July 22, 2018 | ° F

Weather woes bring safety concerns to U.

Photo by Yingjie Hu |

Snow piled up on Morrell Street on the College Avenue campus, and other places on campus have been treacherous for the Rutgers community.

The total snowfall count for New Brunswick for this winter is 52.7 inches as of Monday, said David Robinson, a New Jersey State climatologist. This has posed safety and transportation issues for the entire Rutgers community.

Joseph Slezak, School of Environmental and Biological Sciences junior, criticized the University for their inappropriate campus closures this year.

As a commuter, Slezak was particularly affected by the storm on Feb. 3 when University President Robert L. Barchi did not order a campus closing until after classes had begun that day.

“I had already driven to campus, almost hitting a stop sign on the way,” Slezak said. “It’s irresponsible.”

Photo: Yingjie Hu

New Brunswick has recorded a snowfall count of 52.7 inches for this winter. The winter is being regareded as the sixth snowiest winter in the past 102 years.

Robinson said in an email statement that this winter ranks as the sixth snowiest winter of the past 102 years.

The past two winters have been relatively mild, he said, but the winters of 2009 to 2010 and 2010 to 2011 had similar snowfall totals.

“Three of the 10 snowiest winters of the past century have occurred in the past five years,” he said.

The personnel in the University Facilities and Capital Planning Department have been working tirelessly to maintain safe travel conditions, said Dianne Gravatt, director of Environmental Services and Grounds at Rutgers University, via email correspondence.

Before an anticipated storm, roads are sprayed with a vegetable-based brine solution that acts similarly to the salt used to melt snow and ice.

During the snowstorms, plows are frequently on the salted roads, she said.

“There have been several storms in which we have had staff working around the clock to keep the residents and staff safe, buses moving and dining halls open,” she said.

Gravatt acknowledged that the longer the temperatures remain below freezing, the more challenging it is to maintain the roads.

This season, the temperatures in New Brunswick have remained below freezing for as long as six consecutive days, Robinson said.

The temperature in New Brunswick has fluctuated widely this winter — the highest being 70 degrees and the lowest being negative one.

“Whether you look at this winter in terms of temperature fluctuations or snowfall, it has been one filled with extremes,” Robinson said. “A rather disruptive winter to be sure.”

The season’s abnormal weather has been difficult to deal with, Gravatt noted, but the facilities’ personnel have been working hard to maintain proper conditions.

“I want to say how proud I am of the response of our University Facilities and Capital Planning Operations group on all our campuses,” Gravatt said.

Their efforts have contributed to keeping the 36 miles of roads, 32 miles of sidewalks and more than 20,000 parking spaces safe, she said.

Jonathan Caverly, a School of Arts and Sciences senior, commended the University for its success in keeping the roads clear, but said the sidewalks have not been safe.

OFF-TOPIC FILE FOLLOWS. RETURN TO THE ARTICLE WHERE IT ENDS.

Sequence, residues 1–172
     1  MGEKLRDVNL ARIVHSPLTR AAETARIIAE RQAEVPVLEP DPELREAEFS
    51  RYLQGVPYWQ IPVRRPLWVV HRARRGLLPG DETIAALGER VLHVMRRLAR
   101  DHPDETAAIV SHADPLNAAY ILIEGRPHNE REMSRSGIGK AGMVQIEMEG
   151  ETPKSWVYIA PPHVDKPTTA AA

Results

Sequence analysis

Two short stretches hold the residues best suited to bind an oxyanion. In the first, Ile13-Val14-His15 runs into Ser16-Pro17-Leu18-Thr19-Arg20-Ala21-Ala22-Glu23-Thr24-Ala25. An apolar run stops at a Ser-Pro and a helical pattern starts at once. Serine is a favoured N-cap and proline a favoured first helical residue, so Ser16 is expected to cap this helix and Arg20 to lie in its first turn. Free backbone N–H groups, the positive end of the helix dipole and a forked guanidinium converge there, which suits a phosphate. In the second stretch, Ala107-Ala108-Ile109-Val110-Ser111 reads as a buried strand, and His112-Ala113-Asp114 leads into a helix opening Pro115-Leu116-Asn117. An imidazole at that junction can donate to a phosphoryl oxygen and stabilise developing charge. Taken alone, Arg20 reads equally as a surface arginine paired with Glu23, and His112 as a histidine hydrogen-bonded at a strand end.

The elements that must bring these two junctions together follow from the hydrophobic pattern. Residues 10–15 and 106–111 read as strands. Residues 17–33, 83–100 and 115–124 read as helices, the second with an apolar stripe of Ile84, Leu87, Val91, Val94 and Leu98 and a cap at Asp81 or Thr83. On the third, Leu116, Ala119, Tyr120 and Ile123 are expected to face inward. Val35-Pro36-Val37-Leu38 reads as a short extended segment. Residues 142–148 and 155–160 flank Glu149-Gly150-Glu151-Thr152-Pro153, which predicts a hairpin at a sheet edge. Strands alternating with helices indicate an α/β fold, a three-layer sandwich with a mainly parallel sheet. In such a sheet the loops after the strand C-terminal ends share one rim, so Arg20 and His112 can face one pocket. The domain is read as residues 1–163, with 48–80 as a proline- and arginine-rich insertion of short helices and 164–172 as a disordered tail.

“There are a lot of people slipping everywhere,” Caverly said.

The walkway from the New Gibbons Hall to Hickman Hall on Douglass campus has been treacherous, said Stephanie van Oppen, a School of Environmental and Biological Sciences first-year student.

“It’s a sheet of ice right now,” she said. “It’s like they haven’t done anything to it.”

Gravatt said all campuses have troublesome areas, mostly spots where the sun does not reach and therefore cannot aid in melting snow and ice.

The winter has also been fiscally challenging, but Gravatt said she is not worried about the cost of snow removal exceeding the budget.

“The University administration has always provided the financial support to maintain a safe environment for its constituents,” she said.

The salt shortage has been an extra challenge, Gravatt said, but the department has managed to obtain the necessary supplies.

The shortage in ice melting products is region-wide and the facilities staff had to be conservative with the available supplies.

“Facilities personnel respond to service calls as well as conduct daily inspections in an attempt to maintain safe paths of travel,” she said.

While the University streets are closely monitored and maintained during the winter months, Rutgers campuses have had to shut down due to the snowstorms.

Jack Molenaar, director of the Department of Transportation Services at Rutgers, said ticketing is lenient on days of inclement weather.

Molenaar said students often call the department to share their thoughts on the quality of snow removal in the parking lots and noted the difficulty the snow removal staff has had in clearing snow when vehicle owners do not move their cars.

Many students who park in lots overnight do not realize they are responsible for digging their cars out of the snow.

“The lanes get plowed and the owner is responsible for shoveling his car out,” he said. “If you own a vehicle, in the wintertime you should carry a shovel in your trunk.”

Robinson said after the snow has finished falling, flooding becomes a serious problem.

“Should the snow melt quickly, and especially if accompanied by heavy rainfall, there would be serious flooding of the Raritan River,” he said. “But that’s a worst-case scenario that everyone hopes can be avoided.”

By Melanie Groves

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